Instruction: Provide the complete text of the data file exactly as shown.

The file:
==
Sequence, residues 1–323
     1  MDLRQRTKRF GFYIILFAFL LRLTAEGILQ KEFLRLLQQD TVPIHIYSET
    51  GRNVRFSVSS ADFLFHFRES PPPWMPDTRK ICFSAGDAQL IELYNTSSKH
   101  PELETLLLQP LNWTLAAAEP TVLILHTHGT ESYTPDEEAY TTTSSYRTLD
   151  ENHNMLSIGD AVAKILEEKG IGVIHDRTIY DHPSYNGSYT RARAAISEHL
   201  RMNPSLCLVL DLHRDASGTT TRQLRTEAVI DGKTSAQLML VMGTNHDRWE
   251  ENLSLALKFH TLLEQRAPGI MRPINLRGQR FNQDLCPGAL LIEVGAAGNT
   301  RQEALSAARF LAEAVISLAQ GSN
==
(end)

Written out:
Sequence, residues 1–323
     1  MDLRQRTKRF GFYIILFAFL LRLTAEGILQ KEFLRLLQQD TVPIHIYSET
    51  GRNVRFSVSS ADFLFHFRES PPPWMPDTRK ICFSAGDAQL IELYNTSSKH
   101  PELETLLLQP LNWTLAAAEP TVLILHTHGT ESYTPDEEAY TTTSSYRTLD
   151  ENHNMLSIGD AVAKILEEKG IGVIHDRTIY DHPSYNGSYT RARAAISEHL
   201  RMNPSLCLVL DLHRDASGTT TRQLRTEAVI DGKTSAQLML VMGTNHDRWE
   251  ENLSLALKFH TLLEQRAPGI MRPINLRGQR FNQDLCPGAL LIEVGAAGNT
   301  RQEALSAARF LAEAVISLAQ GSN